The “Flash-Lag” Effect Occurs in Audition and Cross-Modally

  title={The “Flash-Lag” Effect Occurs in Audition and Cross-Modally},
  author={David Alais and David Charles Burr},
  journal={Current Biology},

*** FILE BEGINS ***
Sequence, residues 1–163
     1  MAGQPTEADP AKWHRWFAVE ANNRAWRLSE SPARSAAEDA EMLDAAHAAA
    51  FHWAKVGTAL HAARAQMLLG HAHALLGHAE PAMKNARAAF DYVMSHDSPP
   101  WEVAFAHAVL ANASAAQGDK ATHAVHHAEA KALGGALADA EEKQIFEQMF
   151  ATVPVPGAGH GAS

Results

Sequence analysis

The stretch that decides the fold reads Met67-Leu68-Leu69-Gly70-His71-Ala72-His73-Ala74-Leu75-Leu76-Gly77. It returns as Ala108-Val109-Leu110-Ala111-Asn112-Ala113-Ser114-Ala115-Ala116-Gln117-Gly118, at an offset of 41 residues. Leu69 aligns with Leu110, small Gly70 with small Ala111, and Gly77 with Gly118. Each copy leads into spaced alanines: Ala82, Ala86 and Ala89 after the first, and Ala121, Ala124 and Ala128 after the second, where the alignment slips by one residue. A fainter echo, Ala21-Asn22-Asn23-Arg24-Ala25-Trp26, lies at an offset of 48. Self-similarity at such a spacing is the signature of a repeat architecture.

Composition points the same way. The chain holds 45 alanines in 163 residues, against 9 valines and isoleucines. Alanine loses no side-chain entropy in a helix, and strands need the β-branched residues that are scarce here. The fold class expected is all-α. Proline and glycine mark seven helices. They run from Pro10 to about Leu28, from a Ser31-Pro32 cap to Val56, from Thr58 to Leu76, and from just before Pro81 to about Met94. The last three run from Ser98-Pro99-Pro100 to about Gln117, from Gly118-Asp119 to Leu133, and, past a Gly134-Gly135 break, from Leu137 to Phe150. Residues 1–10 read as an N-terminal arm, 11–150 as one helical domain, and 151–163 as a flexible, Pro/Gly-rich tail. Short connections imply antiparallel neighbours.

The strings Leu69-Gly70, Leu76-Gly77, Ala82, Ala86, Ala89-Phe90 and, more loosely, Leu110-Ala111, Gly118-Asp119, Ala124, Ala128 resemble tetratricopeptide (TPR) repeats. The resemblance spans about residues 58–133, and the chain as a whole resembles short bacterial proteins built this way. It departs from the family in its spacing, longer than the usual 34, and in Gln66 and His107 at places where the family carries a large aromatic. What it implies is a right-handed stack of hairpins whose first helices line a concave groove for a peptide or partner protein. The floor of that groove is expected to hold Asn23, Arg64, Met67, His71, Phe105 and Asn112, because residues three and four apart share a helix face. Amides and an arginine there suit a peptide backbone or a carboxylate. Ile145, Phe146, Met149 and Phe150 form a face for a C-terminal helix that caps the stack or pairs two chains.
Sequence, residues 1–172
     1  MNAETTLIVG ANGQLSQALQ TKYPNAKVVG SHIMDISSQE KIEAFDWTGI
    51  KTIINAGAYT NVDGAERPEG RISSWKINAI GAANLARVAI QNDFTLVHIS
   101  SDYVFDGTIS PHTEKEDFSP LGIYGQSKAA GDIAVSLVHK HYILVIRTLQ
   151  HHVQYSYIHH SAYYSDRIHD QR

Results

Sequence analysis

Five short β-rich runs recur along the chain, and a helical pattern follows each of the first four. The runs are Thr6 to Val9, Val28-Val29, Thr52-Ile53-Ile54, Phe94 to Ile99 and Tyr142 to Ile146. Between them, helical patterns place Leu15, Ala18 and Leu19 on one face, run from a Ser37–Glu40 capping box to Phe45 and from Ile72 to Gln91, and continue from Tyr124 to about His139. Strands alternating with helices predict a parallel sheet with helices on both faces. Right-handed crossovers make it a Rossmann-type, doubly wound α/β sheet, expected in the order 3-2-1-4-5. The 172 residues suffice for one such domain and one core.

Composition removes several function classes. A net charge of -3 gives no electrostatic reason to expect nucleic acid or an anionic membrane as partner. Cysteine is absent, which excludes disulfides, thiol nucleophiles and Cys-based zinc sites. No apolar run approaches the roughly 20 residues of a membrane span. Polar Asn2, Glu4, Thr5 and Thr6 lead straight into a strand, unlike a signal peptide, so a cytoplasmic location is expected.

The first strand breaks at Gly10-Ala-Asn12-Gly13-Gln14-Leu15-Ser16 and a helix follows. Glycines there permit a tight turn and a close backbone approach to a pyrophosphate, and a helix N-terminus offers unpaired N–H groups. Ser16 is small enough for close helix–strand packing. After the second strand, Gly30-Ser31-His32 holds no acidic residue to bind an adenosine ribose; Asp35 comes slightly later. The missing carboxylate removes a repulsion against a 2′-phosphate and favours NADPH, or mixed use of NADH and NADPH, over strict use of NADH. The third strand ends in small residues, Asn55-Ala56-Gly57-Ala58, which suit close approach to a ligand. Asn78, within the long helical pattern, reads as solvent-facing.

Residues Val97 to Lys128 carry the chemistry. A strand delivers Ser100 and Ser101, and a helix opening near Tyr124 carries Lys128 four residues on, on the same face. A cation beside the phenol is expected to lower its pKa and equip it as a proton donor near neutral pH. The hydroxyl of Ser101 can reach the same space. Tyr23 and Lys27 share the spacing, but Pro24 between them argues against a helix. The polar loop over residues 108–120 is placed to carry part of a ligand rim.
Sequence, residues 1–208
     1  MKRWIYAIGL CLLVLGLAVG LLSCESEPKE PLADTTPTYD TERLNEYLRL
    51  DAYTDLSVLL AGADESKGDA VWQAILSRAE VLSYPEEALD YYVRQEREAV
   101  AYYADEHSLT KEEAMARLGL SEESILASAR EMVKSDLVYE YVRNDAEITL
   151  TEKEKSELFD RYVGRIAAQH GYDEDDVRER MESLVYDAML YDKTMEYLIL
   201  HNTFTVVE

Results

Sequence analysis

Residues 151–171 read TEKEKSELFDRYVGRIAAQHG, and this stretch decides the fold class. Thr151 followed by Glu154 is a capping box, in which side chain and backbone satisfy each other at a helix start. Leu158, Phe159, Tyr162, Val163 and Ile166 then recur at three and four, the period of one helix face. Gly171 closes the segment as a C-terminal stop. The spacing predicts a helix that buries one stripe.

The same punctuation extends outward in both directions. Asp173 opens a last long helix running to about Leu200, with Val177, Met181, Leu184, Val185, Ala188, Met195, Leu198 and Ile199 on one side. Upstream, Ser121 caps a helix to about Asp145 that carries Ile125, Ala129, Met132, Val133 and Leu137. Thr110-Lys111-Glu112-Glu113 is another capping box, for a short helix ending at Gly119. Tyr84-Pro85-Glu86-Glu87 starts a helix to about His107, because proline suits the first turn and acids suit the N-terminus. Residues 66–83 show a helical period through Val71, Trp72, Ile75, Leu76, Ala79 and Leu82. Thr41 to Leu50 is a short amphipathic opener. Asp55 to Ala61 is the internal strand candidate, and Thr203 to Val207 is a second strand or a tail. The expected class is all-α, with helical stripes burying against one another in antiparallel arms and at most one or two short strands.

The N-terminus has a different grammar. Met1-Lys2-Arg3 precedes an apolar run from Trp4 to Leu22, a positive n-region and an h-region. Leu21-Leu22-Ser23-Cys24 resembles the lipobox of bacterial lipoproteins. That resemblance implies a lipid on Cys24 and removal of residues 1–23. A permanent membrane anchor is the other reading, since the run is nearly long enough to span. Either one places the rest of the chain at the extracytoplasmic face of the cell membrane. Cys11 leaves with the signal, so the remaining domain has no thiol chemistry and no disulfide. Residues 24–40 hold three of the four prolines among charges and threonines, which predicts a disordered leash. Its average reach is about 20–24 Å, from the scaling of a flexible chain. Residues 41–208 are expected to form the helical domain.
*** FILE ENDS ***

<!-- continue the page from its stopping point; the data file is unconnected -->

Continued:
In 1958 MacKay showed that a rigidly moving object becomes visually fragmented when part of it is continuously visible but the rest is illuminated intermittently. For example, the glowing tip of a lit cigarette moving under stroboscopic illumination appeared to move ahead of the intermittently lit body. Latterly rediscovered as "the flash-lag effect" (FLE), this illusion now is typically demonstrated on a computer monitor showing two spots of light, one translating across the screen and another… CONTINUE READING

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